If you're on a budget, and hankering for some vintage Cash on video, well here you go. But it's a bit stiff.
It's hard not to be a little skeptical of any "new" release from Johnny Cash. After all, it's not often that a dead man puts out as much product as Cash. Really, it's hard to get this much out of the living. Nevertheless, the last three years have brought the release of the fifth volume of American recordings (according to Rolling Stone a sixth is forthcoming); the mammoth American clearinghouse box set Unearthed, which also featured the new album My Mother's Hymn Book (which was then released on its own); the compilation Life, an accompaniment to the earlier Love, God, and Murder trilogy; the box set The Legend and the similarly titled single disc The Legend of Johnny Cash; the collection of demos, Personal File; and innumerable repackagings of the Sun recordings, some justifiable, many more embarrassing cash-ins. I can't think of a time in recent memory when an artist released this much stuff from beyond the grave. John Denver did alright, but no one tops Johnny Cash. All the more reason for Cash's former labelmate, Bob Dylan, to stick around.
Those who like their Johnny Cash audio with a video component haven't been totally shut out, either. But Man in Black: Live in Denmark 1971 is the first Cash-related DVD offering from Legacy, and it's not half bad. If you're on a budget, and hankering for some vintage Cash on video, well here you go. This disc presents an hour of Cash with the Tennessee Three, the Carter Family, Carl Perkins, the Statler Brothers, and a bunch of mostly blonde Danish folks lending occasional handclaps. It's shot with absolutely zero sense of adventure in front of a background consisting of some oh-so-rustic-looking boards nailed together in no particular fashion. The mood of the studio audience seems up-and-down, and the Tennessee Three stand so still you'd think they were being photographed 100 years earlier and couldn't move a muscle, lest they blur the image.
Fortunately, the camera focuses on Cash and the other singers. Cash's repertoire is representative of this phase of his career: lots of material from the Kris Kristofferson songbook, Shel Silverstein's "A Boy Named Sue", and his own recent composition, "Man in Black". Throw in a few old Sun chestnuts ("I Walk the Line", "Folsom Prison Blues", and a 45-second version of "Guess Things Happen That Way") and that's it for Cash's solo portion of this show. "A Boy Named Sue" is the opener, and Cash neuters the song just a bit, singing "I'm the son of a bleep that named you 'Sue'" and changing the final lines to "If I ever have a boy / I think I'm gonna name him... after you." Puke. But hey, this was filmed for Danish television, and Cash was considerate enough of his audience to read something to the crowd in their native tongue. Thanks to the lack of subtitles, all the English-speaking listener/viewer will pick up is "country music" and "the blues", but it was a nice gesture. Cash shines in his other solo turns, especially the title track, where he's lit by a single spotlight, which turns everything else black.
The other performers, though, are seriously hit or miss. Carl Perkins, whom Cash introduces as "the originator of rock and roll", comes on early in the proceedings and really rocks in a way no one else onstage, including the star, is capable of doing. He blazes through "Blue Suede Shoes" and "Matchbox", probably for the thousandth time, but they're so full of energy it's like he's just discovered them. He even dances, which makes the Tennessee Three look even more like mannequins. Perkins seems the most out of place in this crowd, an honor I was certain would befall the Statler Brothers. But the Statlers are so squeaky-clean and wholesome (at least on the surface--maybe they didn't read the words to "Bed of Roses") that they fit right in with Cash's less threatening side, a side that rears its family-friendly head especially during the last third of the program.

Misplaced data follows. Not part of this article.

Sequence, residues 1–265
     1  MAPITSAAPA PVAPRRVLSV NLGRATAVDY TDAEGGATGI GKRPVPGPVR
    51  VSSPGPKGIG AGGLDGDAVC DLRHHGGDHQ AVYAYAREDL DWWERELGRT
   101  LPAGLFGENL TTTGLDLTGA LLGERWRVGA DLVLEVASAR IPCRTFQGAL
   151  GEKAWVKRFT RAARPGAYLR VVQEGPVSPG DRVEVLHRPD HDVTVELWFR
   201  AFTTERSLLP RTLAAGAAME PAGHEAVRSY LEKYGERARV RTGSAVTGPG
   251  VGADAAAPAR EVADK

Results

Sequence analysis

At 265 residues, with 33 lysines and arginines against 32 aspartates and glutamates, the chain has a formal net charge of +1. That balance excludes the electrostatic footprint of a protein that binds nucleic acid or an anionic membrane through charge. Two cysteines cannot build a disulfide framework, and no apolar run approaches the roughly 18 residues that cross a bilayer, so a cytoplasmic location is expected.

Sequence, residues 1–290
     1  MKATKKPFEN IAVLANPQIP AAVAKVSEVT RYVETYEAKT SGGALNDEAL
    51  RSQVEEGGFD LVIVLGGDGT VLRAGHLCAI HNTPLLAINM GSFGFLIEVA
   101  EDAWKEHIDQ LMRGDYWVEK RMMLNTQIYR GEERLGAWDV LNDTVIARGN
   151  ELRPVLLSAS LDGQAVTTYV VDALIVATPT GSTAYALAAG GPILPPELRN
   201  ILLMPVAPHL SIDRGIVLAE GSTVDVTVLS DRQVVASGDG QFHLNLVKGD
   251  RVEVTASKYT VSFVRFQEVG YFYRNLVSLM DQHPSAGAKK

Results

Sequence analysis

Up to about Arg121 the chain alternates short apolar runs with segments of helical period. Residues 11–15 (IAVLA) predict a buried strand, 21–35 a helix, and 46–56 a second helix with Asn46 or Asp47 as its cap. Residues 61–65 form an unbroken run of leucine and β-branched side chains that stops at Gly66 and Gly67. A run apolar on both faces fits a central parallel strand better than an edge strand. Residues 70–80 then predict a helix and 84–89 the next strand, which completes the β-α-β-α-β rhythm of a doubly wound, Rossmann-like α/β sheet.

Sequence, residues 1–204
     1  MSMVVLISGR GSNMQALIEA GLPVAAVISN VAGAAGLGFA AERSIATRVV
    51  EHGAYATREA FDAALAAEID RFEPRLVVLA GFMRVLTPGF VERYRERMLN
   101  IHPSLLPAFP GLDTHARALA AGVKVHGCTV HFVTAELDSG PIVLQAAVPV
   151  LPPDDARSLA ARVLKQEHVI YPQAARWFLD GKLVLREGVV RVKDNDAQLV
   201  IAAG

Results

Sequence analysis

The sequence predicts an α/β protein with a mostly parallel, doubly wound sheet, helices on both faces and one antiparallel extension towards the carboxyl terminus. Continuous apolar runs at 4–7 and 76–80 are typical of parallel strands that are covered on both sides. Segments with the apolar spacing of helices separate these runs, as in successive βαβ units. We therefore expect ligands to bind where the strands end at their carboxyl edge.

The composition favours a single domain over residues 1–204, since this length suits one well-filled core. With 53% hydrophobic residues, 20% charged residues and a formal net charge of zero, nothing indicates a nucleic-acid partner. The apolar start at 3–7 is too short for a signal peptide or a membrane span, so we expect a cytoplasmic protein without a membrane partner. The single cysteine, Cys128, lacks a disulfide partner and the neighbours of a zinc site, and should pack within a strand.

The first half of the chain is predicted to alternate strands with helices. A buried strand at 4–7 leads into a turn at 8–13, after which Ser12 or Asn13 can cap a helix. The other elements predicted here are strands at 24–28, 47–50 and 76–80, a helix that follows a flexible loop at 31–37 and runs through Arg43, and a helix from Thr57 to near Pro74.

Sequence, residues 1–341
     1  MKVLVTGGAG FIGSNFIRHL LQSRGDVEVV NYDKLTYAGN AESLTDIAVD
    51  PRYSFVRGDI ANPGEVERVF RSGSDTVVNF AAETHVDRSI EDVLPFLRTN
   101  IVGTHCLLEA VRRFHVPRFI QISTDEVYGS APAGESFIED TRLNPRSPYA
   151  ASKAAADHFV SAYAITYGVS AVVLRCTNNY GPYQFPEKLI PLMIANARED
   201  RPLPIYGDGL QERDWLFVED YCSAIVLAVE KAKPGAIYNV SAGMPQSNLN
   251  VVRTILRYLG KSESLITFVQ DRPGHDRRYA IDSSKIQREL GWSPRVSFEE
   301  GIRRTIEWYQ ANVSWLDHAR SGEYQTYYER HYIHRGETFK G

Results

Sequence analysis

After some duets with June Carter Cash (nothing spectacular, but this is further proof that they did make a nice pair), Johnny Cash introduces the Carter Family, "the latest addition to the Country Music Hall of Fame." The Carters do some rote instrumental thing before tapping the figurative maple tree for some sap and dishing it up for the crowd as "A Song to Mama". I wonder how Mother Maybelle Carter (who sits this one out but whose floating head appears in the left-hand corner of the screen) felt to hear lyrics about her "tired old shoulders"? Well, no point in wondering because you can see her wipe away some tears (of joy?) after its conclusion.
Can you guess what's coming next? If you guessed "religion" you're right on the money. The whole troupe comes out for "No Need to Worry", an uptempo number that might've benefited from a piano. After the "thank god daddy's quit drinkin' and found Jesus" song "Rock of Ages", the whole thing wraps up with an interminable version of "Children, Go Where I Send Thee". All the principles get solo turns at the microphone (except Mother Maybelle), Carl Perkins looks bored stiff except when he sings (he gets the "six by six" verse), and nothing rhymes with "seven" or "eleven" but the big guy's home in the sky. It's a festival of repetition, but most everyone is so into it that their enthusiasm is contagious.
While Live in Denmark is a decent enough DVD, it makes me wish Legacy would just put out a really stellar deluxe DVD package dedicated to Johnny Cash, really take advantage of the medium rather than put one measly hour of footage (and no bonus features) on a disc and call it a day. In other words, give the man what he deserves.